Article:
Marie gives Sol most of her lunch. I try to give her mine. For some reason, I just can’t eat. It’s not my usual reaction to stress–usually, the worse things get the more I’ll eat anything in front of me. But for once in my life, I have entirely lost my apetite, even though I tell myself that I should eat something. “Eat when you can, sleep when you can, and whenever you get a chance to pee, pee!” is my usual rule. But this time I just can’t force down the mystery meat, the plentiful but greasy and dead-looking chicken wings, potatoes and rice. I do eat some aged salad, and an orange.
To cheer Sol up, I offer to read her cards,, as I have my pocket Tarot deck with me. Her face lights up as I predict something good happening for her, soon. Love, celebration, joyfullness–the cars are like a window into all the bright possibilities on the other side of the walls.
Marie’s cards show trouble ahead, but I comb through them for every hint of good fortune. Strength is at her crown. “You are a strong woman,” I tell her. In truth I am amazed at her ability to smile, to radiate cherrfulness and grace after a month in this place which, for all it’s amenities, is still driving me crazing with boredom after less than a day.
“Ani ’zkah,” she agrees, smiling and nodding with confidence. “I am strong.”
And then Sol gets called by the guards, to be ready to go. Whatever is happening to her, she seems joyful about it. The cards’ prediction is confirmed, and she leaves us, smiling.
The guards, for reasons of their own, move me to a different cell. I am settling into the solitude when the door opens and they usher in Irina, from Russia–Siberia, to be exact. Irina is plump and middle-aged, like me, and she makes herself at home, taking off her blouse and relaxing in her slip. She wears a gold icon around her neck and gold, spoked earrings and she tells me she is a doctor, a gynecologist who has been in Israel for eight years. She speaks fluent Hebrew but little English, and we communicate in Hebrew words I drag up from my deep memory like archaeological relics. She has a big bagful of food and drink, and she makes me drink a cup of orangina and shares her face cream. Although we are both fifty six years old, I can’t help but notice how much better preserved she appears. Her hair is still brown, her face neatly made up, her mouth a red rosebud and her skin clear of wrinkles. Whereas I have no hairbrush–it disappeared in the original search at the airport, my skin is dry and covered with a fine net of wrinkles, and I am coming to more and more resemble the Hag of the Underworld.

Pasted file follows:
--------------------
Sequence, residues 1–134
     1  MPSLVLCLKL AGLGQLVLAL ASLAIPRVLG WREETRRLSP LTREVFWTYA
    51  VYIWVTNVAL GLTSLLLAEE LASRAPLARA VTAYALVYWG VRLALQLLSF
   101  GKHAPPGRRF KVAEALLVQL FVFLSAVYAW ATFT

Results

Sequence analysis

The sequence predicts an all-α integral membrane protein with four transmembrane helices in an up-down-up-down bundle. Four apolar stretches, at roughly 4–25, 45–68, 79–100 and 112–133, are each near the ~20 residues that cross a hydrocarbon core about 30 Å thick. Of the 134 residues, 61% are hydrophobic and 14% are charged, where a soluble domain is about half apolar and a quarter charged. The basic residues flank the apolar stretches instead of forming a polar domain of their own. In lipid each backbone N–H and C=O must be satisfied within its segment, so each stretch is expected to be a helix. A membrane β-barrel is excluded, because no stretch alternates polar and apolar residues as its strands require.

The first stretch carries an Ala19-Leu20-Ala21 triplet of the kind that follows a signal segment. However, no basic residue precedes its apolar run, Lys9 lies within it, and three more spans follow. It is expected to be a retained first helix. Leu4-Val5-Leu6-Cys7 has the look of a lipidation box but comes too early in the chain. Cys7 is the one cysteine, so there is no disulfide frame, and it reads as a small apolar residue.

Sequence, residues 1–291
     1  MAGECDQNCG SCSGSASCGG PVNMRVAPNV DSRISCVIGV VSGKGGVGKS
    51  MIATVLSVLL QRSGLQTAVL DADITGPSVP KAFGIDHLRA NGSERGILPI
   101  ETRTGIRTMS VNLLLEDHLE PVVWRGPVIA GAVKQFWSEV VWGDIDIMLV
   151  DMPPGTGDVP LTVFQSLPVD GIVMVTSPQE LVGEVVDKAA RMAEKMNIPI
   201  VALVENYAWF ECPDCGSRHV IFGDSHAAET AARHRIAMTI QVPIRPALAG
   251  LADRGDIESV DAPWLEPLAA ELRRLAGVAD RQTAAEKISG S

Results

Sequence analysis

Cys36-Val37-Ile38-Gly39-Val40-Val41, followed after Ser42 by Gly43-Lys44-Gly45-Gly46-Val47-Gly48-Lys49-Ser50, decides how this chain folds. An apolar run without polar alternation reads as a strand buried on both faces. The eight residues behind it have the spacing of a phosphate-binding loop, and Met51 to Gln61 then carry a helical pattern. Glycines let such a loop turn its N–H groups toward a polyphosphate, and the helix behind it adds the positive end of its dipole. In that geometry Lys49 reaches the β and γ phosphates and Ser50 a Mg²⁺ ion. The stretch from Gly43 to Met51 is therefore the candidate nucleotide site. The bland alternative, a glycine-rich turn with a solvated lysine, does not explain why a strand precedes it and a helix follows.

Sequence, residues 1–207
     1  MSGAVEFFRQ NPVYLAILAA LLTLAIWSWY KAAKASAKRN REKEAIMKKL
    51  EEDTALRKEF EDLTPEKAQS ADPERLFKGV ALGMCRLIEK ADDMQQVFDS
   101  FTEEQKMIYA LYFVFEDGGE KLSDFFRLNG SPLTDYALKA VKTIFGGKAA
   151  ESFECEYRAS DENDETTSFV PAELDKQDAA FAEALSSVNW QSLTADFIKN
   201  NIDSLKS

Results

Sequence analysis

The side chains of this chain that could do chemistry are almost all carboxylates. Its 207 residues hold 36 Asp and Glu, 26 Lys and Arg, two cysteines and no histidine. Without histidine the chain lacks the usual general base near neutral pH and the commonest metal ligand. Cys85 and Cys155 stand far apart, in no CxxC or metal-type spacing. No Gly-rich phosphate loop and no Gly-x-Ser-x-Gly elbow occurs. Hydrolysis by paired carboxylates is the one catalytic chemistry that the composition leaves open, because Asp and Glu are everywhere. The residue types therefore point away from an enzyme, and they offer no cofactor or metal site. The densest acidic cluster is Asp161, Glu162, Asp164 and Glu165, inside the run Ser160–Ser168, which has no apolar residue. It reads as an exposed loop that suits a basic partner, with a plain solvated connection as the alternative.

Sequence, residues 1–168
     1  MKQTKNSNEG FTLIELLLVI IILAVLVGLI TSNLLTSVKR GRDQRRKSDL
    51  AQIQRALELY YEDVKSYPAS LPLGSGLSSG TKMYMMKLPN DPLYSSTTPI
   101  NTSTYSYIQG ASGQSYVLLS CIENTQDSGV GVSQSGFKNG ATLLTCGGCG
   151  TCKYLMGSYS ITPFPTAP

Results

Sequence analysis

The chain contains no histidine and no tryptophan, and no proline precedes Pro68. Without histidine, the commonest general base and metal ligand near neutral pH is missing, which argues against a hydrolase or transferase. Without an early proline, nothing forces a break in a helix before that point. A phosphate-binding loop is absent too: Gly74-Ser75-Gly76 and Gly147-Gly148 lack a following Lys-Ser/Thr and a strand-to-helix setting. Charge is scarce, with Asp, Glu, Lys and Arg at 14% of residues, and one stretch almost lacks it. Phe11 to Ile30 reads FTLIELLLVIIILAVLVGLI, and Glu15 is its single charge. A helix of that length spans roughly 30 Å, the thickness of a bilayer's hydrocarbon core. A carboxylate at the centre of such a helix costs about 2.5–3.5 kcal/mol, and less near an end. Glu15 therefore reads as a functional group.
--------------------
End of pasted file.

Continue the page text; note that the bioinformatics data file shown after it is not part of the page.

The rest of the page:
Irina does what I think of as ‘the woman thing’…she flirts with the guards, purses up her little rosebud mouth and lowers her eyes, scolds them from time to time, pleads with them. I can’t do it. It’s not that I don’t know how, I just can’t bring myself to do it even though I know that the way I am with them–clear, calm and stubborn–makes them angry.
Irina comforts me as I get bad news from my lawyer, news which convinces me that I have little chance of winning a case. My own cards look consistently dismal.
Irina goes off to Moscow. I try again to sleep. In the night I am jolted awake with the conviction that I have made a terrible mistake in abandoning my case. But in the morning, when I might still get word to my lawyer to carry on with it, the cards say over and over again that it is useless, and time to make a strategic retreat. I can’t ever know, really, if they’re right or wrong, if I’ve lost all objectivity, if my own inner sense of agreement with their verdict is accurate or influenced by the stress of going cold turkey from all my usual addictions and comforts: food, tea, exercise, and above all, work. In the end, I have to make some decision, so I decide to go.
The morning brings two sweet, doll-like Filipina women, sisters who have come, they say, to spend Holy Week with a friend. Immigration has not believed them, and after yelling and shouting and threatening, is sending them back. They are slim and delicate and beautiful, and one speaks English quite well. She is studying for a Bachelor of Science in Tourism, she tells me, and says, again and again, repeating it like a mantra: “You come to the Phillipines, you will not need visa.” They huddle on the bunk in a state of shock, two delicate, frightened birds, while I urge them to eat, to rest, and assure them that they don’t need to be afraid, that nothing terrible will happen to them. Finally I read their cards, too. I feel like I have become the Hag of the Underworld. I’m glad to see their faces brighten a bit, imagining they can go home now with at least a good story and a bit of confidence in a brighter future predicted for them by the old Witch in the bowls of the Israeli jails.
Just as I finish the second sister’s reading, the guards come to escort me to the plane.
I’m in the back of the van with the tall, good-looking guard whom Irina told me was the good one, the one with a heart of gold. “I noticed you were doing something with the cards,” he says. “You read them? What are they called?
And while they load my luggage onto the plane, I read his palm.
Israel is a place where faith is either magnified or abandoned, where belief becomes delusion easily, shifts to fanaticism, or burns itself out into cynical ash. From my first visit there with my Hebrew High School student trip when I was fifteen, For me, something in the air or the water or the energy always challenges every system of belief or faith I come in with: from my childhood faith in a personal God that deserted me in the midst of the Hebrew High School youth trip I was on at fifteen, to my belief that nonviolence would easily turn the hearts of the Israelis back toward justice for all people of the land. And my faith in a refuge.
But I continue to believe in this: that in even the terrible places of the world, we find.the small hands of sisterhood, reaching across boundaries and borders and walls, across gaps of culture and language and belief to do acts of kindness for one another. And that in the end, that power is strong enough to break down the walls.